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I think that my plans at this point are to open-source the MBC code, and then keep the cart designs to myself. Honestly, there is already sufficient information out there to put one together... I'm willing to share my work to emulate the chip, since that will provide an alternative to donor carts (though I don't know of anywhere to get cart shells manufactured, so unless I figure that out, I suppose donors are still a necessary evil...). I'd be glad for your assistance, and if you'd be willing to send me one of your carts, that would be amazing. I'm perfectly capable of doing the manual soldering necessary to add the JTAG header, so that's not an issue. Do you happen to have any timing measurements from the actual MBC5 to test against? If your functional simulations worked fine but failed on the hardware, then 99% certainty either you have bad hardware or bad timing, and I'd be willing to bet you're right on it being the latter.

As far as my idea for setting the compatibility mode, I think now that it won't work. The original idea was that since the compatibility mode was determined by the ROM, it wouldn't change unless you flashed a new ROM, so when you access Bank 0 in write mode, wait until you go to write the cart type byte and set the compatibility in the PLD's nonvolatile memory accordingly. I wasn't thinking of the fact that none of the lower address lines attach to the MBC, so I have no way of knowing which byte in the bank I'm accessing. So, I'll have to figure something else out. Getting MBC5 mode working right will keep me busy for awhile anyway.


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PostPosted: Mon Nov 12, 2012 12:26 am 
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Ok, it's done then, along this week, I'll be uploading my MBC5 code to a git repo (well I have two branches, one in VHDL and one using the schematic design in xilinx ISE), so you can see it, and if you send me a PM with your address, i'll send you the carts and the programmer. I have little spare time from mon to fri, but I'll try to get the solder ready and measure some timings from the real MBC5.
I'll also try another thing. I have a working model of the ROM swithing part of the MBC1 in ttl logic (74xx based for a small game series we produced some time ago) so I'll try this with the xilinx schematic editor (that has 74xx models) to see if the cart it's ok.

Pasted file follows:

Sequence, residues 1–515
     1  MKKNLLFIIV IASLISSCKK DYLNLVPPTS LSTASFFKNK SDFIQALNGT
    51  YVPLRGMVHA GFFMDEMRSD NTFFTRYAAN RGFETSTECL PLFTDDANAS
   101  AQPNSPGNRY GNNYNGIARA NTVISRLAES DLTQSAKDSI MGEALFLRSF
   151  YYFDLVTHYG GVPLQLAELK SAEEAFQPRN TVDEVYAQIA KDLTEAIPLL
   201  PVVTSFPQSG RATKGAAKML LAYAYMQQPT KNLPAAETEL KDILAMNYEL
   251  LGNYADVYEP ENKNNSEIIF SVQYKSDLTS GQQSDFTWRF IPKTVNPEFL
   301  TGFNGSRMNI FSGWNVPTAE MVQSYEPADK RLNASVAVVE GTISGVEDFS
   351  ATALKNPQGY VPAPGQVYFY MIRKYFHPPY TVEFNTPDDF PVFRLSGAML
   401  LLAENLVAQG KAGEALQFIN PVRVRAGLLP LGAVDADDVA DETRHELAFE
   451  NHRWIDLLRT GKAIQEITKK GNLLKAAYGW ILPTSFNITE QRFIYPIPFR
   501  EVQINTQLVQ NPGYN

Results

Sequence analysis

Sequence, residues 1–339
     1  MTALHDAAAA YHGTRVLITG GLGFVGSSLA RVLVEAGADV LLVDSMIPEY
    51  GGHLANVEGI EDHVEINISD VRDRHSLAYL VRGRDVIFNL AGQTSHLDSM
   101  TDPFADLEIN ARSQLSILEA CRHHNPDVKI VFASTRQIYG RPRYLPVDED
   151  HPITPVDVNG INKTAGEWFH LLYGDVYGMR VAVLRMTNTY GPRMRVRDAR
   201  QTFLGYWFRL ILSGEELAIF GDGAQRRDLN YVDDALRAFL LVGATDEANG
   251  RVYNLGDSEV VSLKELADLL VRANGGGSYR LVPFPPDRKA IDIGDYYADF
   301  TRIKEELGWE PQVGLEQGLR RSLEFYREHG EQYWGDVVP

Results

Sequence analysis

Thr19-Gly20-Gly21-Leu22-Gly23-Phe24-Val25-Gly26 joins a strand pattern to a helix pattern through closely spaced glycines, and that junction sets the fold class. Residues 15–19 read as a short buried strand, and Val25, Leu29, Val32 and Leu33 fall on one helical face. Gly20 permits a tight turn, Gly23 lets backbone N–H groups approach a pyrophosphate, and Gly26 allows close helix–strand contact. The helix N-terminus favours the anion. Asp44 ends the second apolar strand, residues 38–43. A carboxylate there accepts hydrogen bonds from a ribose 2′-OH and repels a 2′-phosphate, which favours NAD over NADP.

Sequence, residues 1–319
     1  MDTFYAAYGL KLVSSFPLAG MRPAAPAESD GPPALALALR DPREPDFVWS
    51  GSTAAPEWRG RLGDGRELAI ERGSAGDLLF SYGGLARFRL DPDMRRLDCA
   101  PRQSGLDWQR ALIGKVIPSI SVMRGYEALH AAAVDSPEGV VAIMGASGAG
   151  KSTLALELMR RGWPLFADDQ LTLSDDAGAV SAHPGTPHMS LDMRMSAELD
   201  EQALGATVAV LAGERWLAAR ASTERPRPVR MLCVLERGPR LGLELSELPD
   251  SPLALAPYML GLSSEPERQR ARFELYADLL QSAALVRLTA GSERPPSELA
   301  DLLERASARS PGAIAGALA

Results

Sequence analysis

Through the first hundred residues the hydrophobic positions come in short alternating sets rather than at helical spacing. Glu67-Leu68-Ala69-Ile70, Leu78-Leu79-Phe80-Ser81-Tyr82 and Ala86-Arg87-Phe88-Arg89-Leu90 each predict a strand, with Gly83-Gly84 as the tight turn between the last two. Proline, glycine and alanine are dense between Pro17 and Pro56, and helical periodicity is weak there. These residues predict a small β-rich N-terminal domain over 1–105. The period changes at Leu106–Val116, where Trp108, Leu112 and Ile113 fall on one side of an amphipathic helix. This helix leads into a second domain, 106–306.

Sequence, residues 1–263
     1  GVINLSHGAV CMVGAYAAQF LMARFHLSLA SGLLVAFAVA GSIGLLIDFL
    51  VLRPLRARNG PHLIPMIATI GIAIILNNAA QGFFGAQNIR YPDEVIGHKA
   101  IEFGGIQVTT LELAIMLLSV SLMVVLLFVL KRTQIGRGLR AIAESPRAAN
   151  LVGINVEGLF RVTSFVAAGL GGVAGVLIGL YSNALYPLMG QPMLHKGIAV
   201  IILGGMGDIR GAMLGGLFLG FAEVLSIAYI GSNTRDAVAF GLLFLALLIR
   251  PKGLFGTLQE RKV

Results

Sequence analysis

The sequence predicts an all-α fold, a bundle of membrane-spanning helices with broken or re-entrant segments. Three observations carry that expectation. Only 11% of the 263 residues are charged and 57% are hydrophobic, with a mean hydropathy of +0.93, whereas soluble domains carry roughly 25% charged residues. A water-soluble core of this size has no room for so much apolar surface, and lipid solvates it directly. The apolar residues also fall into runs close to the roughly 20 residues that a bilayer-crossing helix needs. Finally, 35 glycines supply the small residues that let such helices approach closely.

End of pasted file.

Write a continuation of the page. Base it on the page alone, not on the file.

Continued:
Ok lots of work to do! let's start.


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PostPosted: Wed Nov 14, 2012 4:22 pm 
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Wow, wow, as I told you I wanted to try with the MBC1 rom mapper design I did using 74xxx chips some time ago, I implemented that in the xilinx ise schematic and it worked, so I started to grow it up adding ram banking, all the mbc5 rom banks, etc... and after lots of tests and CPLD program/erase cycles, It's seems to work! I have just played super mario bros deluxe dx on my CPLD cart, went through several leves, saved the game, turned the GB off, on again, loaded the saved game... it works!
I'm uploading right now Zelda DX to my cart to make another test...

EDIT: It works!!! zelda dx tested.
Ok, I'll be sharing the design as soon as I test it a little more, I'll also try to take the current design and translate it to VHDL now that I know what I was doing bad in my previous designs. And I'll also make a better version of the cart using newer components and a smaller battery.

qwertymodo I'll send you the cart/programmer so you can work on your FRAM version, no worries :)

People, can you tell me difficult games to try on the cart? (difficult as in heavy mbc5 use, lots of banking, use of save ram, etc)


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PostPosted: Wed Nov 14, 2012 7:46 pm 
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That's awesome to hear! :) For MBC stress testing, you might try some GBC games, especially larger ones. The other thing to take into account is how MBC1/2/3 games run on your MBC5 emulation. Chances are, you'll run into the same bugs listed in the thread I linked a few posts back. So once you get MBC5 worked out, you might look into that issue and how to address it.


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PostPosted: Thu Nov 15, 2012 1:46 pm 
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Now I also have a VHDL implementation that works, I've been playing Zelda DX for 30 minutes, saving and loading the game, perfect. Another step, let's see... :D